How to pray

Matthew 6:7-15
In Matthew 6:7, Jesus cautioned against meaningless repetition when talking to the Father. Just two verses
later, He left a pattern to help us pray. However, in using this passage, which is known as the Lord’s Prayer,
we’re often guilty of the very thing Jesus warned against: Instead of thoughtfully praying each line, we run
through the words mindlessly. But if we take time to carefully examine Christ’s words, we’ll find the pattern
that can transform our prayer life.
• ADORATION OF THE FATHER (Matt. 6:9). God the Father is the focus of all our prayers.
We should never forget what a privilege it is to bend our knees on earth and reach almighty God
in heaven.
• SUBMISSION TO HIS WILL (Matt. 6:10). Prayer should reflect a desire to align ourselves with
God’s goals and purposes, not to get Him to follow our plans.
• PETITION GOD FOR OUR NEEDS (Matt. 6:11). We are dependent upon the Lord, and He wants
us to come to Him with our requests.
• CONFESSION OF SINS (Matt. 6:12). When we repent and forgive others, we maintain fellowship
with God. But if we hold grudges, that fellowship is broken. God loves to answer our prayers when
the lines of communication are not disrupted.
• DELIVERANCE FROM EVIL (Matt. 6:13). Our enemy is too strong for us, but Christ has already
won the victory over him.
Jesus ended the prayer where He began—with praise to the Father for His kingdom, power, and glory
(Matt. 6:13). Next time you say this prayer, concentrate on each verse. Then, following this pattern will result
in a more dynamic and effective prayer life because it will be God-centered.

How to Pray to God

Prayer is about friendship with God. Jesus taught us to see our connection with God as a loving father-child relationship. When we pray “Our Father”, we are engaging in a God who loves us and wants to share time with us. In any communication we talk (or write) to somebody and they talk with us. Prayer is simply this – taking time to speak to God, and to listen to Him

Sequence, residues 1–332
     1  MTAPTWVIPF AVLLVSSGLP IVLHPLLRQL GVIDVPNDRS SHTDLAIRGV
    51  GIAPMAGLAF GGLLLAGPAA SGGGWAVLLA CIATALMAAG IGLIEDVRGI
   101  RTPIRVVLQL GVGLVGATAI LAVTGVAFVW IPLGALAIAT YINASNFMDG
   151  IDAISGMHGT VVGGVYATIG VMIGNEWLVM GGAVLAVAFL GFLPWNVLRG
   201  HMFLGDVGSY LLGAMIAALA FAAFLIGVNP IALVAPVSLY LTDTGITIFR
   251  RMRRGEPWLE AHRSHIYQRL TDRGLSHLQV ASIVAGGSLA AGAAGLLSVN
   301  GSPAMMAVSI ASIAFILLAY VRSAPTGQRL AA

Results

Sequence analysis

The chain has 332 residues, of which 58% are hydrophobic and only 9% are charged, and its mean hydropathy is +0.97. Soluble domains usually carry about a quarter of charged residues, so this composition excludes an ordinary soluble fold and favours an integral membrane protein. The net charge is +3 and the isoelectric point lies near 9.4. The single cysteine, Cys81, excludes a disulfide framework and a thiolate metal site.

How to Pray
• How to write a prayer

Do you have an occasion coming up where you need to say a prayer in a church service or meeting? On the right-hand side of this page there is a short guide to what elements make for a good opening prayer, including ideas on how we might thank and adore God, request things, and conclude the prayer. This page also offers several sample prayers for opening meetings with.

• how to pray for healing

On the right-hand side of this page is a commentary on how the early disciples of Christ prayed for healing. The Acts of the Apostles records many incidents of miraclous healings, and this article explores what we might be able to learn from this as we pray for those who are sick today. The page also has links to many sample prayers for specific types of healing – such as petitions for sick children, surgery, and overcoming addictions and fears.

• how to fast and pray

The practice of fasting has a long tradition in church history. Catholic and Protestant Churches alike celebrate Lent as a period of abstinence and prayer, mirroring (in some small way) Christ’s forty days of fasting in the wilderness, prior to his public ministry. Many Christians today fast on a regular basis, and sometimes whole church communities are called to fast together for a specific reason such as an upcoming mission or outreach. This page has a guide to spiritual fasting – covering questions such as why and when we are to fast, and practical tips on this important spiritual discipline.

• how to pray for others

Praying for others is known as intercession. This page explains what intercession is and outlines the groups of people the bible encourages us to pray for. There are also several examples of intercessory prayer, with prayers for justice, healing, peace and an Episcopal intercession for the poor and neglected.

• how to pray in the spirit

Praying in the spirit is essentially about being led by God as we pray, rather than going through some kind of meaningless ritual or empty babble. This page offers a guide to the characteristics of this type of prayer, what “praying in tongues” involves, a sample of “singing in the spirit”, and a Catholic prayer to the Holy Spirit.